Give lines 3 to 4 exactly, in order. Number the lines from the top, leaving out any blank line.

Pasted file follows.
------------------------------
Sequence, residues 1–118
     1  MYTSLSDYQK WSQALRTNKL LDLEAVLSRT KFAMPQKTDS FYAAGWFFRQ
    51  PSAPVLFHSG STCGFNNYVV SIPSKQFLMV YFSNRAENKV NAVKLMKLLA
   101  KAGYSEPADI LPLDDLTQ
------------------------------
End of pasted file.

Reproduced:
    51  PSAPVLFHSG STCGFNNYVV SIPSKQFLMV YFSNRAENKV NAVKLMKLLA
   101  KAGYSEPADI LPLDDLTQ